What are the largest radio wavelengths observed from radio sources in the sky? (Intermediate)

What are the longest radio wavelengths observed from radio sources in the sky? At what facilities?

The Low-Frequency Array for Radio Astronomy (LOFAR) operates as low as 10 MHz (about 30 meters). You can read more about it here: http://www.lofar.org/

What kind of information does longer radio waves provide over shorter radio waves?

Generally speaking, there are several sources which are brighter at longer wavelengths, like supernova remnants, pulsars, etc. The exact science that one hopes to do with long wavelength observations is extremely technical, a brief summary of which you can find at this website.


This page was last updated July 18, 2015.

About the Author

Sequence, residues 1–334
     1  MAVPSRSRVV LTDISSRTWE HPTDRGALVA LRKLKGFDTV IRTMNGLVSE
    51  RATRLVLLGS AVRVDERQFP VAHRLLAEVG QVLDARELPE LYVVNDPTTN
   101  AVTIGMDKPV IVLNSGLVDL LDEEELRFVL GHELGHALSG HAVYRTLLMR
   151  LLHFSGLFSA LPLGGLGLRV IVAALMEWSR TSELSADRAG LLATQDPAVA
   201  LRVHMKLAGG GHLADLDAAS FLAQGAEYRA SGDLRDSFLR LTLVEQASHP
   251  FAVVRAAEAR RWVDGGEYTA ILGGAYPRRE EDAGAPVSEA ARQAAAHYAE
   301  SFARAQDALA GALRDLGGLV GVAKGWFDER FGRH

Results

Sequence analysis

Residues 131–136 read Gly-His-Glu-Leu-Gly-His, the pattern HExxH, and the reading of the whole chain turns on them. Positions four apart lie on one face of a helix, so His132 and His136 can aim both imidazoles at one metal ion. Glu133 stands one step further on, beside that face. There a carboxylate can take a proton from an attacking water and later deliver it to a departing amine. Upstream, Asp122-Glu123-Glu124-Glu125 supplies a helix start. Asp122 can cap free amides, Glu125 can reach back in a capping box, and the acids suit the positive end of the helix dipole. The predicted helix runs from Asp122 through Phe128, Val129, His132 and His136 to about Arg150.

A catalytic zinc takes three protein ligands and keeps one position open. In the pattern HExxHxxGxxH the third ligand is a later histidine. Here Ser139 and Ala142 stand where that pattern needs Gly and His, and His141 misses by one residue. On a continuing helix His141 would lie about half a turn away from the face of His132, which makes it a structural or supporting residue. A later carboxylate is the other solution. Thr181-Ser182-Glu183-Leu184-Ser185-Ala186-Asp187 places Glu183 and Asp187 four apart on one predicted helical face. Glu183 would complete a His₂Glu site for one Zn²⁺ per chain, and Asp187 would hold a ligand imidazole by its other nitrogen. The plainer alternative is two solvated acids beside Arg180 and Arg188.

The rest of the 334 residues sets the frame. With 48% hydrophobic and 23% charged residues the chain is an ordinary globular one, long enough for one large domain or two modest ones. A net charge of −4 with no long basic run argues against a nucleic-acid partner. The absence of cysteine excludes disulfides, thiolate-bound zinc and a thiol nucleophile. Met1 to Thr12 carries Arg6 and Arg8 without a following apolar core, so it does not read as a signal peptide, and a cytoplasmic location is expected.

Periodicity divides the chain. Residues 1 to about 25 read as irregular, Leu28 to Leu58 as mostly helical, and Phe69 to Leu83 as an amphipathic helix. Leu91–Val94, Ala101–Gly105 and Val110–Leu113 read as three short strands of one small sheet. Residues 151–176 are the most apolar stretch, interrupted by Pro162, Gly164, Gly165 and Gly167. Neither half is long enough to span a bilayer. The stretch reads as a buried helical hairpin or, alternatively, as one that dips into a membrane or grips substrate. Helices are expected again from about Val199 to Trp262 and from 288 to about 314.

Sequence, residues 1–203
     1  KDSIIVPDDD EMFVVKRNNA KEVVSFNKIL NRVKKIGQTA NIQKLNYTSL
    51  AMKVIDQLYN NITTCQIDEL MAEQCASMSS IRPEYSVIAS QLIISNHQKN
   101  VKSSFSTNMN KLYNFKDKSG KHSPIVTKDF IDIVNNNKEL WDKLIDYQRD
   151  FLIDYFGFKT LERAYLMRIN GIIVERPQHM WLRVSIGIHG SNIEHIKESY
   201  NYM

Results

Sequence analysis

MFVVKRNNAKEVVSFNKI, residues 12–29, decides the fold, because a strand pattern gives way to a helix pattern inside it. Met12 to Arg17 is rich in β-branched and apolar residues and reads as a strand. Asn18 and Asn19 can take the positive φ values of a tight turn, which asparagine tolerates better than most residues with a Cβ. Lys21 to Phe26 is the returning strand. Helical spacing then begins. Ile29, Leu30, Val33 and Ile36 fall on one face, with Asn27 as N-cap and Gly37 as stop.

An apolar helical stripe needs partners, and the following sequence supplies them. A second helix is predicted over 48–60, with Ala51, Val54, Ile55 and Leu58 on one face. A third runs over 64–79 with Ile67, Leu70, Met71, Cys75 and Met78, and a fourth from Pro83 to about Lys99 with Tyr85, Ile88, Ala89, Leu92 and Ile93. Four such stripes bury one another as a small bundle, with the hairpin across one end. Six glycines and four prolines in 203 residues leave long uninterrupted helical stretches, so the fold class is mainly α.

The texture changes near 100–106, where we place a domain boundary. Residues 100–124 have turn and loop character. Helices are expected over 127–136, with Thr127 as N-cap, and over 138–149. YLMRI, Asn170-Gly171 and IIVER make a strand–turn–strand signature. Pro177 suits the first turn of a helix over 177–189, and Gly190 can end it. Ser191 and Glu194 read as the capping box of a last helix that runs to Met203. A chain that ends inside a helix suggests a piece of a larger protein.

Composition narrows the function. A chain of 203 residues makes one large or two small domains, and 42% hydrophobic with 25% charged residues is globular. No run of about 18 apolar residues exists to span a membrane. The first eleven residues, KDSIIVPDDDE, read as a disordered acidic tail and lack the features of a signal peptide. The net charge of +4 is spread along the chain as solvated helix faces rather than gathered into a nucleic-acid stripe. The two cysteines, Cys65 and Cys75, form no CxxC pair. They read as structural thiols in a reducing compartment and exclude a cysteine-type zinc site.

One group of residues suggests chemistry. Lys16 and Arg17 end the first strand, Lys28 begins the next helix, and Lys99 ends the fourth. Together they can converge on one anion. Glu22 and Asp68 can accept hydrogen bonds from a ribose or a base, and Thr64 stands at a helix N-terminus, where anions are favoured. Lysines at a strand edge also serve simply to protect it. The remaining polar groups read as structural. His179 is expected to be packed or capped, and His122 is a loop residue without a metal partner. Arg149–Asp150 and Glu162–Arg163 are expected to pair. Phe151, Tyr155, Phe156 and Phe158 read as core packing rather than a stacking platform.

Jagadheep D. Pandian

Jagadheep D. Pandian

Jagadheep built a new receiver for the Arecibo radio telescope that works between 6 and 8 GHz. He studies 6.7 GHz methanol masers in our Galaxy. These masers occur at sites where massive stars are being born. He got his Ph.D from Cornell in January 2007 and was a postdoctoral fellow at the Max Planck Insitute for Radio Astronomy in Germany. After that, he worked at the Institute for Astronomy at the University of Hawaii as the Submillimeter Postdoctoral Fellow. Jagadheep is currently at the Indian Institute of Space Scence and Technology.

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